Good credit is an important part of personal finance. However, it is a popular misconception that people with bad credit are always bad consumers. Imagine a worst case scenario like Anne’s. After putting herself through business school, she has racked up a significant amount of student loan debt. Although the monthly payments are high, Anne budgets her money well and takes advantage of an automatic bill pay service offered through her bank. One day Anne gets a call from her education lender, informing her that her balance is three months overdue. Anne calls her bank and discovers that a glitch in their system has failed to pay her bills on time. She apologizes to her education lender and pays the outstanding balance. Six months later, her loans are still cited negatively on her credit report. Although the late payment was a simple oversight, neither her bank nor her lender will contact the credit bureau to help her remove the potentially unfair remarks from her report.
While Anne’s bad credit story may differ from yours, the same type of situation applies to millions of “bad consumers” experiencing credit company errors, temporary financial hardships, or other issues. Even if your late payments are resolved, many consumer advocacy groups claim that only time can repair questionable negative items on credit reports. Think again. The Fair Credit Reporting Act (FCRA) and the Fair and Accurate Credit Transactions Act (FACTA) uphold your right to receive both fair AND accurate credit reporting. Moreover, while a consumer’s score may be temporarily damaged, credit agencies cannot hinder your efforts to rebuild your credit as a response to their unfair credit reporting. When it feels like you’ve run out of options, get tough and fight for your consumer rights. Work to improve your credit score.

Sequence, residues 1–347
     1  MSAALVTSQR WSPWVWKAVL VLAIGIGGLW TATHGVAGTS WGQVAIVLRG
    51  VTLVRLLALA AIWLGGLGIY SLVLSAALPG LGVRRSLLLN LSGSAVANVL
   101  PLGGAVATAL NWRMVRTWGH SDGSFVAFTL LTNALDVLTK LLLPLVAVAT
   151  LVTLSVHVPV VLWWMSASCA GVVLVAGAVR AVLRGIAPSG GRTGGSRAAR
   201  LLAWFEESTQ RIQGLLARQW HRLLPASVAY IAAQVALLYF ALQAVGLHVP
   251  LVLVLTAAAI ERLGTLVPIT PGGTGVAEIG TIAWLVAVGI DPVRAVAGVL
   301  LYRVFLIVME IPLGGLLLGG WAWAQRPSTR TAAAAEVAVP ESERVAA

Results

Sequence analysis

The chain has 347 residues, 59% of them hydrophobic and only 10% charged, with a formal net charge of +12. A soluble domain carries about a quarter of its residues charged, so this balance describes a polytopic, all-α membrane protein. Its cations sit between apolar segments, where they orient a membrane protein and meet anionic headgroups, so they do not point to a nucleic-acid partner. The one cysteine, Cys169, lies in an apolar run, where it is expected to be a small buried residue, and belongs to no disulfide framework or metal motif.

So, how do you fight false credit reporting? Follow these steps:
• Get proof. In Anne’s case, her loan receipts should reflect her payment dates. Regardless of her lender or bank’s cooperation, this evidence is sufficient to prove that her loans are not delinquent.
• Know your rights. Credit bureaus are likely to push you aside without the assertion of your consumer rights. Several consumer protection statutes provide your best defense against false and unfair credit reporting. Not only do such laws require creditors and credit bureaus to revisit your file, they usually must also communicate their findings to you in writing.
• Find an advocate. Navigating through federal regulations and protocol can be tough. Many people feel more comfortable with a licensed attorney on their side. Do your research and find a credit repair firm that can address your needs. A reputable organization follows regulations set forth by the Credit Repair Organizations Act (CROA). Make sure their practices are honest and reliable before signing up.
Bad credit does not equal bad consumerism. Individual situations deserve individual consideration from both creditors and credit bureaus. Don’t resign yourself to a life of higher interest rates and “bad risk” speeches: fight for your fair credit reporting rights and work to improve your credit score.